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    Netizens Say Disney Mixes Up Chinese Elements in 'Mulan' Trailer

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    The 90-second live-action trailer for Mulan, a remake with real people of the popular 1998 Disney animated movie, proved a hit on Chinese social media, but its random appropriation of Chinese characteristics left some audience members debating the correct and incorrect artistic approach to representing Chinese culture and history.

    The trailer released by Disney China on the Twitter-like Sina Weibo platform received 34 million views and Weibo hashtag #DisneyMulan had 320 million reads as of press time. 

    The film tells the story of a young woman who pretends to be a man in order to fulfil her father's military service and protect the country, adapted from an ancient Chinese story from the Northern Dynasties (386-581).

    Some sharp-eyed net users found the houses, makeup and dress more characteristic of the Tang Dynasty (618-907), "the most well-known image of ancient China," as film critic Shi Wenxue noted. 

    Others pointed out the fight scenes combined some ninja gestures from Japan while the furniture style came from later times. 

    The trailer provided an example of how the West misunderstands and misrepresents China, Shi told the Global Times on Tuesday, noting such a depiction appropriates Chinese culture to serve the Western imagination of China based on stereotypes.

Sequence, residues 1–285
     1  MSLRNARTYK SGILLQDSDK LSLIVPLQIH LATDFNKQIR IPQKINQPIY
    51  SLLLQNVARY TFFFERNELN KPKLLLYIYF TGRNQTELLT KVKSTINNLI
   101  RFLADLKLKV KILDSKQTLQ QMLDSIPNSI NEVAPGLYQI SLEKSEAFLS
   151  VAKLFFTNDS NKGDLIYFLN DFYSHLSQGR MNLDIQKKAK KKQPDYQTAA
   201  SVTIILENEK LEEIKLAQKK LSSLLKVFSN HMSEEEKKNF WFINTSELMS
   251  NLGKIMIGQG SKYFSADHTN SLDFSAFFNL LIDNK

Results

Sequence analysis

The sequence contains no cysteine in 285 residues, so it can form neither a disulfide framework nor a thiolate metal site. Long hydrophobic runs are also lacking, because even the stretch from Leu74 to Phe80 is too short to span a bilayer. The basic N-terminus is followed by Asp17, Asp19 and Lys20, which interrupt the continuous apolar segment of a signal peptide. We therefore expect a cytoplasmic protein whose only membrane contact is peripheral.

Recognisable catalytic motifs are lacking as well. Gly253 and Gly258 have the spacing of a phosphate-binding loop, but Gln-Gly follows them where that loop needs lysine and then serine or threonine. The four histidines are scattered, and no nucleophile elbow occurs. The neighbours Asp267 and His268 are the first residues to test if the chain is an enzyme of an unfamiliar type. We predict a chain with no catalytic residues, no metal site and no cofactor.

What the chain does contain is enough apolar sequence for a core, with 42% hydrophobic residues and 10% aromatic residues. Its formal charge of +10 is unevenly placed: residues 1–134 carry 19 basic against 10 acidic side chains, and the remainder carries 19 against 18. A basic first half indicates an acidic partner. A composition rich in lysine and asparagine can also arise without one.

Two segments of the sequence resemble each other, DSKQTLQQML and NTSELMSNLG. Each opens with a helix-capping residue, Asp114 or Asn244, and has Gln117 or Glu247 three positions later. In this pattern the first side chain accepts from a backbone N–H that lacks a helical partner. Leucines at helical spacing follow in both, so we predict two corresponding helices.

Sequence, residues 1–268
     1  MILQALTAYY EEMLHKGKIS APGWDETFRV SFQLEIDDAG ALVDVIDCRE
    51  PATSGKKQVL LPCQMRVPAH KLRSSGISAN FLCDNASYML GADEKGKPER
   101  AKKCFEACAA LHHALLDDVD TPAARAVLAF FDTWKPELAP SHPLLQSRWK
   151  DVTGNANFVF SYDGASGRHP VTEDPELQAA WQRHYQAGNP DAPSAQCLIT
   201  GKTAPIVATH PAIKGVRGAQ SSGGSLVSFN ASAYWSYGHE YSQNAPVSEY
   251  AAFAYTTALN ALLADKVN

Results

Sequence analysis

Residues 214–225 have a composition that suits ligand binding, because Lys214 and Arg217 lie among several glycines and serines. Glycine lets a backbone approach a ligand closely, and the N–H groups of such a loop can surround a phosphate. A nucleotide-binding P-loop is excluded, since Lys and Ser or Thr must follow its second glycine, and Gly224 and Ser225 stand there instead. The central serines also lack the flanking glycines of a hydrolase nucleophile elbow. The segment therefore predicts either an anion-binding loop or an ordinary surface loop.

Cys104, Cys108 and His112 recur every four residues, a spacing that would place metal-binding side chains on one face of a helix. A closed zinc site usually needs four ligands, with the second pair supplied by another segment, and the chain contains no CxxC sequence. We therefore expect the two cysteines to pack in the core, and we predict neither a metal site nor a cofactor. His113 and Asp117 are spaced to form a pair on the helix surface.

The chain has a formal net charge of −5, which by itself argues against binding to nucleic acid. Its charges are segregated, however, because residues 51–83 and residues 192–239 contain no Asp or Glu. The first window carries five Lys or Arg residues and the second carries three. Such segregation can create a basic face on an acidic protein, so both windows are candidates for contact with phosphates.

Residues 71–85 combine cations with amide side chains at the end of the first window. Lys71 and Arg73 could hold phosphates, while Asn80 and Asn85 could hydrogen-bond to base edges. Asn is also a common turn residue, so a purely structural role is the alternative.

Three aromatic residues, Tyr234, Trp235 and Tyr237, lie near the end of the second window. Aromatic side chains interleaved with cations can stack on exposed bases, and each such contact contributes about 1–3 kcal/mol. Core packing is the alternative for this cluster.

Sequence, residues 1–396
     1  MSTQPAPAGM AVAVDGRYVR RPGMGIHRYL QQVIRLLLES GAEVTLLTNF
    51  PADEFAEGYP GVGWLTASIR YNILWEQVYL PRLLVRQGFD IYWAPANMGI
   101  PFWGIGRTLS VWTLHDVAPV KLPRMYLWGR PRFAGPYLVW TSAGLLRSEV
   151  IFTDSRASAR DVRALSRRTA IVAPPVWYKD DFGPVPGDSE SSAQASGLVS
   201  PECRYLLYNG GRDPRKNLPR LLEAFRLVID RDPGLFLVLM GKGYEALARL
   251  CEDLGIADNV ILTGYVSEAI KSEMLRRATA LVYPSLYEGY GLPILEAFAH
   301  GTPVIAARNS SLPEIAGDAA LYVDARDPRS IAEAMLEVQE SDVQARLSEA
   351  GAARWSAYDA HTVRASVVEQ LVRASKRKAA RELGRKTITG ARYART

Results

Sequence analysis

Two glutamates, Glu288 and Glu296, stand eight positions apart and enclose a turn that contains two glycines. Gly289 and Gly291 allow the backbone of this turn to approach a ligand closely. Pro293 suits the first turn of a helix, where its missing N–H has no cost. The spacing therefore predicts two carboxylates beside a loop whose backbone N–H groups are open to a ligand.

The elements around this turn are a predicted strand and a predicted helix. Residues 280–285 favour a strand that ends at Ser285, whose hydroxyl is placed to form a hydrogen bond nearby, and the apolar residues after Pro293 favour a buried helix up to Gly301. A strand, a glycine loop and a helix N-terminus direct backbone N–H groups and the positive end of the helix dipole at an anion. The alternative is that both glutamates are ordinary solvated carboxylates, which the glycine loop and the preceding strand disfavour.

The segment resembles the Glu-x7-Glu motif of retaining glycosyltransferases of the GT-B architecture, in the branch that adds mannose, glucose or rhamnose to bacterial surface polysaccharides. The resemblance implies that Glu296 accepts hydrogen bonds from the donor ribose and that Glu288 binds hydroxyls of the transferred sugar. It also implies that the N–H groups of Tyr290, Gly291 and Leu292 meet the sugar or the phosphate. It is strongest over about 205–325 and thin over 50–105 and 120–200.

Shi noted that "although it is understandable that a foreign crew lacks the capability to do solid historical research, whether such a portrayal would win a Chinese audience's heart remains to be seen."  

    A Western audience may not care about the true story and expect certain Oriental "must-haves" in a movie about China, such as martial arts and historical costumes, the Beijing critic believed. 

    Some net users did not mind the mixed-up Chinese elements and were confident that the richness of Chinese culture would not be harmed. Others warned such errors might hurt the Disney movie at the box office. 

    Weibo user Yunheqiluo, a fan of the 1998 Disney movie, posted "the mix-up of Chinese elements makes it hard for me to indulge in the story."        

    Another Weibo user identified another potentially sensitive issue for Chinese mainlanders and overseas Chinese.

     "I'm glad Disney used Asian faces, but it is a bit weird, if not offensive, to have characters speak bad English." 

    The trailer reminded some net users of Burberry's New Year promotion that portrayed a supposed happy family in a creepy way, another example of misrepresentation of Chinese culture.

    This article originally appeared on the Global Times website.

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